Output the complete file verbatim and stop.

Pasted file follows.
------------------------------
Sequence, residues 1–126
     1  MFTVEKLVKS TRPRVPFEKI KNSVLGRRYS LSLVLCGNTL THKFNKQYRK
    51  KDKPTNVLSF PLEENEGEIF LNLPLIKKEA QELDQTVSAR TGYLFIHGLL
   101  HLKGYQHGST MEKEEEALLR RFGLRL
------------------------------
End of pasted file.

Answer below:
Sequence, residues 1–126
     1  MFTVEKLVKS TRPRVPFEKI KNSVLGRRYS LSLVLCGNTL THKFNKQYRK
    51  KDKPTNVLSF PLEENEGEIF LNLPLIKKEA QELDQTVSAR TGYLFIHGLL
   101  HLKGYQHGST MEKEEEALLR RFGLRL